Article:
Supreme Court Seal
Supreme Court Seal
South Carolina
Judicial Branch

The Supreme Court of South Carolina

Larry Hendricks, Petitioner,


State of South Carolina, Respondent.


The circuit court denied petitioner's motion under Rule 60(b)(5) of the South Carolina Rules of Civil Procedure (SCRCP) to set aside the final judgment in this post-conviction relief (PCR) case.  Petitioner has filed a notice of appeal and asks this Court to appoint counsel.

In the Rule 60(b) motion and the accompanying memorandum filed in the circuit court, petitioner asserted that a decision of the Supreme Court of the United States established a new substantive constitutional standard that is to be applied retroactively.  He argued, therefore, that under Rule 60(b)(5), SCRCP, it is no longer equitable to give the prior judgment in this action prospective application.

This Court has not previously had the opportunity to address the interplay between Rule 60(b), SCRCP, and S.C. Code Ann. § 17-27-45 (B) (Supp. 2009).  Rule 60(b) provides, in part:

Mistakes; Inadvertence; Excusable Neglect; Newly Discovered Evidence; Fraud, etc. On motion and upon such terms as are just, the court may relieve a party or his legal representative from a final judgment, order, or proceeding for the following reasons:

(1) mistake, inadvertence, surprise, or excusable neglect;

(2) newly discovered evidence which by due diligence could not have been discovered in time to move for a new trial under Rule 59(b);

(3) fraud, misrepresentation, or other misconduct of an adverse party;

(4) the judgment is void;

(5) the judgment has been satisfied, released, or discharged, or a prior judgment upon which it is based has been reversed or otherwise vacated, or it is no longer equitable that the judgment should have prospective application.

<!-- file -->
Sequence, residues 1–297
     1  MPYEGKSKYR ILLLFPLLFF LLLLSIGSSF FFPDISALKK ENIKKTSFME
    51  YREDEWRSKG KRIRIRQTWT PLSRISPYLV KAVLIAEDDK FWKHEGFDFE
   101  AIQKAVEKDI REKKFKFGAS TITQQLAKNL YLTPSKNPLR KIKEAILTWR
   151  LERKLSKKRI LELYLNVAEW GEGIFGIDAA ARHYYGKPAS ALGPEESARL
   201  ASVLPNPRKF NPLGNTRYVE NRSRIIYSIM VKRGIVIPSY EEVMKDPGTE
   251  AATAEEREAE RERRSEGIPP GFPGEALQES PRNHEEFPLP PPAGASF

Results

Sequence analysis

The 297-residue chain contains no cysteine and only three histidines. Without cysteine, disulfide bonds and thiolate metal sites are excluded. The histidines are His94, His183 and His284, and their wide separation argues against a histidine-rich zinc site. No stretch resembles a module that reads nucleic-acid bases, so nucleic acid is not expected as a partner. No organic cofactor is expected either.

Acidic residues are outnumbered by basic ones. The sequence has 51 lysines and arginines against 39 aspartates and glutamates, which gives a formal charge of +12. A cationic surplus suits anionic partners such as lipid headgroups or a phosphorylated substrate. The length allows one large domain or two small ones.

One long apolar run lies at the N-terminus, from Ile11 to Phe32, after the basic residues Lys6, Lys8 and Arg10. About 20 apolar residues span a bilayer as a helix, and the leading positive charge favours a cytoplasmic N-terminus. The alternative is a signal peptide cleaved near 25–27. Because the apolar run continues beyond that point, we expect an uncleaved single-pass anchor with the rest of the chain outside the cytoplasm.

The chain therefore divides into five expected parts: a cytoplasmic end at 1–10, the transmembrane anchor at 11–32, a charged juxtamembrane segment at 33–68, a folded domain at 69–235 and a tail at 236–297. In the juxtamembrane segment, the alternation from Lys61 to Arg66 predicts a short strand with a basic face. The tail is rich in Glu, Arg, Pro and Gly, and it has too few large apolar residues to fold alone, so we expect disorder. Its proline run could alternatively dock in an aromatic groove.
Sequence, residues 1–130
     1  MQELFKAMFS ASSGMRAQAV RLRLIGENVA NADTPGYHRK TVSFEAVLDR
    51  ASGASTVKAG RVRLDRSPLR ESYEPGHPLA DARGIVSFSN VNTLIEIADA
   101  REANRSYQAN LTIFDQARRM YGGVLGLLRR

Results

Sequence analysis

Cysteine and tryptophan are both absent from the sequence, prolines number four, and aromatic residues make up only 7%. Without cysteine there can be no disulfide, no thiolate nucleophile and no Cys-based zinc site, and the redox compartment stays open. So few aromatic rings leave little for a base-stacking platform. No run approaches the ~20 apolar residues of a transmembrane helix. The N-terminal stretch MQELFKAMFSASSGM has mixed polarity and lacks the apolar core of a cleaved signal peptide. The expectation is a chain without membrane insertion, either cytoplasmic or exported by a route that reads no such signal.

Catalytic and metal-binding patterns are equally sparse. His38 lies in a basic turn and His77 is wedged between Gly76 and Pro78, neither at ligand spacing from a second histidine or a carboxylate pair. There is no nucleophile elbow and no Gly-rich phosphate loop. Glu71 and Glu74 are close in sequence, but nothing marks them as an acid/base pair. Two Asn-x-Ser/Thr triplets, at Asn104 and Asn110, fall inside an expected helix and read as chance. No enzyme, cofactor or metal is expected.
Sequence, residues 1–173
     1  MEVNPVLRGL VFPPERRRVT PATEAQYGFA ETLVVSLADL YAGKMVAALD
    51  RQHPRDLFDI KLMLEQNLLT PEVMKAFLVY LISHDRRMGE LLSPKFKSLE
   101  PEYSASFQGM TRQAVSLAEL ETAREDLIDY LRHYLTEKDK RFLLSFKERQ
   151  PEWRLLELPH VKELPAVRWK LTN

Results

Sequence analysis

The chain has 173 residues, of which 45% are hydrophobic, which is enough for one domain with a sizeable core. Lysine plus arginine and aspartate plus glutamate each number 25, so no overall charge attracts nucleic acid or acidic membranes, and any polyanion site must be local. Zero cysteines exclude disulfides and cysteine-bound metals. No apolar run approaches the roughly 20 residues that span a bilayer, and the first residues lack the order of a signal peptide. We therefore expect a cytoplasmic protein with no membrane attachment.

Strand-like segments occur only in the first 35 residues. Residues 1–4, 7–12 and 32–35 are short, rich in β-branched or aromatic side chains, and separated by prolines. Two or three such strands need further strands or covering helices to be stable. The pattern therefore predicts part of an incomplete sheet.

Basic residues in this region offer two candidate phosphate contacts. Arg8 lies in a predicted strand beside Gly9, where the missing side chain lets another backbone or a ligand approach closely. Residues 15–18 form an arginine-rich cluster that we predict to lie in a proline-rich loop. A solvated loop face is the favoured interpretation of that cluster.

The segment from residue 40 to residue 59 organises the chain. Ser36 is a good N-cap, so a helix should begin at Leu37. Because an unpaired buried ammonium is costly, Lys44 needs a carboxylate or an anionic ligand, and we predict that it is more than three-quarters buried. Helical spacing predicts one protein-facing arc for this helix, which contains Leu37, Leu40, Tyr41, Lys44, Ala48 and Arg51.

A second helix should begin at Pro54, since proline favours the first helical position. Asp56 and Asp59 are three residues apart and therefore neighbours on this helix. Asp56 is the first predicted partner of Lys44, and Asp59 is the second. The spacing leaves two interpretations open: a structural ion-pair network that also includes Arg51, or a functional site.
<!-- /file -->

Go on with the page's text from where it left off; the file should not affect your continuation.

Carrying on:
The motion shall be made within a reasonable time, and for reasons (1), (2), and (3) not more than one year after the judgment, order or proceeding was entered or taken.

Section 17-27-45 (B), which provides a statute of limitations for filing PCR actions, states:

When a court whose decisions are binding upon the Supreme Court of this State or the Supreme Court of this State holds that the Constitution of the United States or the Constitution of South Carolina, or both, impose upon state criminal proceedings a substantive standard not previously recognized or a right not in existence at the time of the state court trial, and if the standard or right is intended to be applied retroactively, an application under this chapter may be filed not later than one year after the date on which the standard or right was determined to exist.

In the present case, petitioner is asserting that a new substantive constitutional standard that is to be applied retroactively entitles him to relief from the prior judgment in this PCR case.  Under Section 17-27-45 (B), a claim based a new substantive constitutional standard is to be sought by filing an application for PCR, not by filing a motion.  Further, the statutory provision and the rule provision on which petitioner relies are inconsistent in that a motion under Rule 60(b)(5) must be made within a reasonable period of time while statutory provision contains a one year statute of limitations.

Where, as here, the General Assembly has provided a specific procedure to be followed in PCR cases, and that method is inconsistent with the more general procedure of the SCRCP, the statutory procedure must be followed.  Rule 71.1, SCRCP ("The procedure for post-conviction relief is provided by the Uniform Post-Conviction Procedure Act (Act), S.C. Code Ann. §§ 17-27-10 to -120 (1985).  The South Carolina Rules of Civil Procedure shall apply to the extent that they are not inconsistent with the Act.").  Accordingly, we hold that petitioner was not entitled to seek relief based on an alleged new substantive constitutional standard by filing a motion under Rule 60(b).

We dismiss the notice of appeal and remand this matter to the circuit court with instructions to consider his Rule 60(b) motion as an application for PCR relief.  The motion to appoint counsel for this appellate proceeding is denied as moot.  The remittitur will be sent as provided by Rule 221, SCACR.


s/Jean H. Toal                                    C.J.

s/Costa M. Pleicones                        J.

s/Donald W. Beatty                            J.

s/John W. Kittredge                           J.

s/Kaye G. Hearn                                 J.

Columbia, South Carolina
March 17, 2010